And I just looked out my window in my wall, and whaddya know... I saw my fence. And my neighbor's fence, and my neighbor across the street, I saw his fence too.

          Your "quote" is stupid.
          Hallowed are the Ori
          • Perhaps if you understood the quote better you would understand .

            "In a world without walls and fences , <--- I refer to the W.W.W.
            who needs windows and gates." <--- exactly , who needs a product throwing up barriers in your face all the times .

            Aren't you feeling kind of stupid now ,,, moron
            Intellihence
        • Over priced scare mongering is not welcome...

          Essentially if you want to fork over twice the money for slower hardware and software that is not compliant with what the majority of computer users have, then be my guest.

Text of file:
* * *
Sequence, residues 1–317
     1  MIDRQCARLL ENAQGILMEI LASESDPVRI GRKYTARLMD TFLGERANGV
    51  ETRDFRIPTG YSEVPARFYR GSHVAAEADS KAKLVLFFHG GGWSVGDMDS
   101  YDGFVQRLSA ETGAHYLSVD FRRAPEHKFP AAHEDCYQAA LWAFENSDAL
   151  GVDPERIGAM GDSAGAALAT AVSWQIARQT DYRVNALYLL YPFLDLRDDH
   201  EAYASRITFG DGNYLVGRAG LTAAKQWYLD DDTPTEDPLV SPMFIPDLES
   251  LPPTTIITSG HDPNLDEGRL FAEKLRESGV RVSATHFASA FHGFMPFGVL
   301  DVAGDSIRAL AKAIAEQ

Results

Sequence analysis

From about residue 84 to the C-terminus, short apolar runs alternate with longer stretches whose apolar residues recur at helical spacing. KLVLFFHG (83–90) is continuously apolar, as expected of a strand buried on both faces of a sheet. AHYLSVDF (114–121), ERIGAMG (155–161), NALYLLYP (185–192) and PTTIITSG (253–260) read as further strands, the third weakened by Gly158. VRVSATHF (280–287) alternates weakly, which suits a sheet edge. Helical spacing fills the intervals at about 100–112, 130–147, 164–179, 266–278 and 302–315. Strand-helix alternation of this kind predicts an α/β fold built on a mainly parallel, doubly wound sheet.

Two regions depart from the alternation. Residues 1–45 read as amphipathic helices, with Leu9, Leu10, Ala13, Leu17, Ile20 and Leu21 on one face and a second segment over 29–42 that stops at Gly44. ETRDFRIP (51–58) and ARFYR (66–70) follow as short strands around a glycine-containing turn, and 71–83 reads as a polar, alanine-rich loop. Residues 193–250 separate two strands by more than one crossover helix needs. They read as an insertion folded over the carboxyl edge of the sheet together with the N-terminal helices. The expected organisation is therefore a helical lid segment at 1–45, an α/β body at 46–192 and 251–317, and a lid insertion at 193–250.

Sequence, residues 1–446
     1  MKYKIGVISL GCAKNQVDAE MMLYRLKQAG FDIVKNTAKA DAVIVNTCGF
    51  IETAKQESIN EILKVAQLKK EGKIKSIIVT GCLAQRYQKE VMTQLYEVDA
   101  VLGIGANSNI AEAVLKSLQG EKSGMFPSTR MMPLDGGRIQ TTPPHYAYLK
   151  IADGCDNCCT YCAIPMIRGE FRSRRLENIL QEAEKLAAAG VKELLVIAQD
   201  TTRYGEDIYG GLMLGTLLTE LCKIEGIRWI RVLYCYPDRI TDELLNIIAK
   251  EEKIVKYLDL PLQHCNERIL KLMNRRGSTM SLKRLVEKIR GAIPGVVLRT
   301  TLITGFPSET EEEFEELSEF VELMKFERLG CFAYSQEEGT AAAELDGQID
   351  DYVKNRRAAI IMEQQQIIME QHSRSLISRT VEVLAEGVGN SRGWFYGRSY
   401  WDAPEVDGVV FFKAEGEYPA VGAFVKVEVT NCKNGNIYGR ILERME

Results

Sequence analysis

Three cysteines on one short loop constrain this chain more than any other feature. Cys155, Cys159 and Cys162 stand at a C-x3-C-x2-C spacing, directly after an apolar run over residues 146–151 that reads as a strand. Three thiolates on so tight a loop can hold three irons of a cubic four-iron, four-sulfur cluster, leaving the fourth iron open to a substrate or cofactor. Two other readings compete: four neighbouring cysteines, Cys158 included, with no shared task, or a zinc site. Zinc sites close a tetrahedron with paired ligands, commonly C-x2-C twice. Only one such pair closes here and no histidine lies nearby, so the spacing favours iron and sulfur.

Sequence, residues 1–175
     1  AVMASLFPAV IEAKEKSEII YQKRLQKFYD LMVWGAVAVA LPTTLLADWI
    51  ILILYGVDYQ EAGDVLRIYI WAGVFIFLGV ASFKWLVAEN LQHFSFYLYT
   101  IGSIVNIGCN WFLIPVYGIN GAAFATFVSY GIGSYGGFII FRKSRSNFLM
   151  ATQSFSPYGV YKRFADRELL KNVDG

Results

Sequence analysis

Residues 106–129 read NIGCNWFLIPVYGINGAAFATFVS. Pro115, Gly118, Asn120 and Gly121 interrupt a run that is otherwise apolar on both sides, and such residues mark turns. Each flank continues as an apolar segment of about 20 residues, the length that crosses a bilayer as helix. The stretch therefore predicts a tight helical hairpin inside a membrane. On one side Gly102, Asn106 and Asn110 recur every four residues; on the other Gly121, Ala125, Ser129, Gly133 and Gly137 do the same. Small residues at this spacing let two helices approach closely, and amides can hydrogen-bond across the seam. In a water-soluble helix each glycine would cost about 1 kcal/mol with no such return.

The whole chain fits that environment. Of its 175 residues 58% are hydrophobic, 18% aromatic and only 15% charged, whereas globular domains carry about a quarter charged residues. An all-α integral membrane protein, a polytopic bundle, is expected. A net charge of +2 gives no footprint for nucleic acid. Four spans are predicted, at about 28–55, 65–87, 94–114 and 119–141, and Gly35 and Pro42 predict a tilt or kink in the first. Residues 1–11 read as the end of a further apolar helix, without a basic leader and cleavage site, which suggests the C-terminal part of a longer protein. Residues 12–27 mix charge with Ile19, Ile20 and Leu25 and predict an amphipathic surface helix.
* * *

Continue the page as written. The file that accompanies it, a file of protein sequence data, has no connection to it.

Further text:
Security isn't an issue to most regular people that use generic PC's. AVG security is free and unabtrusive. You can get a bootable (using a HD USB Key, a CD or a DVD) Linux OS like Knoppix for free and use it (if you are paranoid about security or have a special security need). Knoppix is very easy and intuitive to use.

          The generic computers these days are much faster than most people require and capable of running multiple programs simultaneously.

          If you are afraid that your computer might be bogged down, spend more money on a better machine (before wasting it on an Apple). I would gladly pay the same for an Apple as a generic computer; but the fact that it is not the popularly supported machine and it costs an arm, a leg and a left nut simply steers me in the direction of the popular machine.

          I have never had a virus, my machine runs faster than my cousin's Apple, and it does anything I need. I feel no need to move to Vista, XP works for me.

          I think misconception is the main problem in this case.
          Information_z
          • Price?

            Example? You're evidently full of lies and FUD. Do you even know how much one